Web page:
24 July 1967: De Gaulle speaks up for Quebec's independence

French president Charles de Gaulle shocked Canada, on this day in 1967, when he declared to a welcoming crowd “Vive le Quebec libre”.

Charles De Gaulle supporting Quebec separatism in Montreal © Bettmann Archive/Getty Images
De Gaulle shocked Canada with his remarks
(Image credit: © Bettmann Archive/Getty Images)

Quebec, originally a French colony, was ceded to the British in the Treaty of Paris of 1763. The Quebec Act of 1774 recognised the French language, and religious rights for Catholics. But in 1838, a pro-independence uprising forced Britain to turn its North American colonies into the Province of Canada in 1840.

This evolved into the semi-autonomous Dominion of Canada in 1867, made up of several regions, including Quebec, which had a degree of regional autonomy and cultural distinctiveness within Canada.

In the late 1950s this arrangement broke down due to concerns that Quebec was becoming "Anglicised". In 1963 the terrorist Front de Libration du Quebec (FLQ) carried out a series of bombings.

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However, the independence movement did not take off until Charles de Gaulle, then French president, shocked Canada in July 1967 by declaring "Vive le Quebec libre" to a welcoming crowd, while on a state visit to Canada. Protests forced him to cut short his trip, but the symbolic importance of the French president and war hero endorsing separation delivered a huge boost to the pro-independence movement.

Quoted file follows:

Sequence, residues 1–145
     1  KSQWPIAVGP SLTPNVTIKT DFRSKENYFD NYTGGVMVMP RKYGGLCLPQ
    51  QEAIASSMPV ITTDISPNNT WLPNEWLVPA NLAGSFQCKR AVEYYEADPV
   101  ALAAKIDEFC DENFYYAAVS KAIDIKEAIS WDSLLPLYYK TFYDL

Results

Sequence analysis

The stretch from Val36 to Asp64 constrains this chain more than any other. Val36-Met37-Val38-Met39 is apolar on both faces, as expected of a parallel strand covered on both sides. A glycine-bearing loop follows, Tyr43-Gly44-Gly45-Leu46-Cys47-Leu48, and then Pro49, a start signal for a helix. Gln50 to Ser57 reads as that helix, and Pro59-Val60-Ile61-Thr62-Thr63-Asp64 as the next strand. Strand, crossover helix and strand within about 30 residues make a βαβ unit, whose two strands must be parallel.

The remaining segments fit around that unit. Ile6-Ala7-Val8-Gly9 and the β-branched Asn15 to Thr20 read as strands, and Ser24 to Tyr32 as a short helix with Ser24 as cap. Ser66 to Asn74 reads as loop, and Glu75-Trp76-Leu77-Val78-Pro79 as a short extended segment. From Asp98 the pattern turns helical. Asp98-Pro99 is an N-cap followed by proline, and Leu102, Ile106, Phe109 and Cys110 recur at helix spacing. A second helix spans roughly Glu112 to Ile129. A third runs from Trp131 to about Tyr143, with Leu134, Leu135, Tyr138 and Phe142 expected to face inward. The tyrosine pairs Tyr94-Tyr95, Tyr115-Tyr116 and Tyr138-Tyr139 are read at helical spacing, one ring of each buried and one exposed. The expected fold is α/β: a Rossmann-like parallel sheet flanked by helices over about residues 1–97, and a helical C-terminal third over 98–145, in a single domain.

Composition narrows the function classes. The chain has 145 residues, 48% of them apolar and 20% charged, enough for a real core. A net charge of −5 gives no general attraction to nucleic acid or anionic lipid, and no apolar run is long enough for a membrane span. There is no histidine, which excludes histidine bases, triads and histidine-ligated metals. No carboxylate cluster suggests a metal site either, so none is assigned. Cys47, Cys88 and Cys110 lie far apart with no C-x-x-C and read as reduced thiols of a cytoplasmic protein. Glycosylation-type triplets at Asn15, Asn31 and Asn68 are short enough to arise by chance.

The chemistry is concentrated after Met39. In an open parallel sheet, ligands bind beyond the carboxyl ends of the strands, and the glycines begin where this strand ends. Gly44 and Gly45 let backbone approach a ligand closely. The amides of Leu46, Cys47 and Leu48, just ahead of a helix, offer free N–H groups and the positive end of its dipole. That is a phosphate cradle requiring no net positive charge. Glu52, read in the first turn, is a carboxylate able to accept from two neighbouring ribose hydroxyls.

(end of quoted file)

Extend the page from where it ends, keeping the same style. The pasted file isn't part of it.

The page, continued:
In 1968 the pro-independence Parti Quebecois was formed, gaining regional power by 1976. It passed laws mandating the use of French and forced a referendum on negotiating independence. While it was rejected by 60% of voters, a second referendum in 1995 came within 1% of gaining a majority.

The language laws have become increasingly strict over the years, culminating in a family being fined C$3,000 (£1,500) last year for writing in English on boxes of household goods.

Dr Matthew Partridge

Matthew graduated from the University of Durham in 2004; he then gained an MSc, followed by a PhD at the London School of Economics.

He has previously written for a wide range of publications, including the Guardian and the Economist, and also helped to run a newsletter on terrorism. He has spent time at Lehman Brothers, Citigroup and the consultancy Lombard Street Research.

Matthew is the author of Superinvestors: Lessons from the greatest investors in history, published by Harriman House, which has been translated into several languages. His second book, Investing Explained: The Accessible Guide to Building an Investment Portfolio, is published by Kogan Page.

As senior writer, he writes the shares and politics & economics pages, as well as weekly Blowing It and Great Frauds in History columns He also writes a fortnightly reviews page and trading tips, as well as regular cover stories and multi-page investment focus features.

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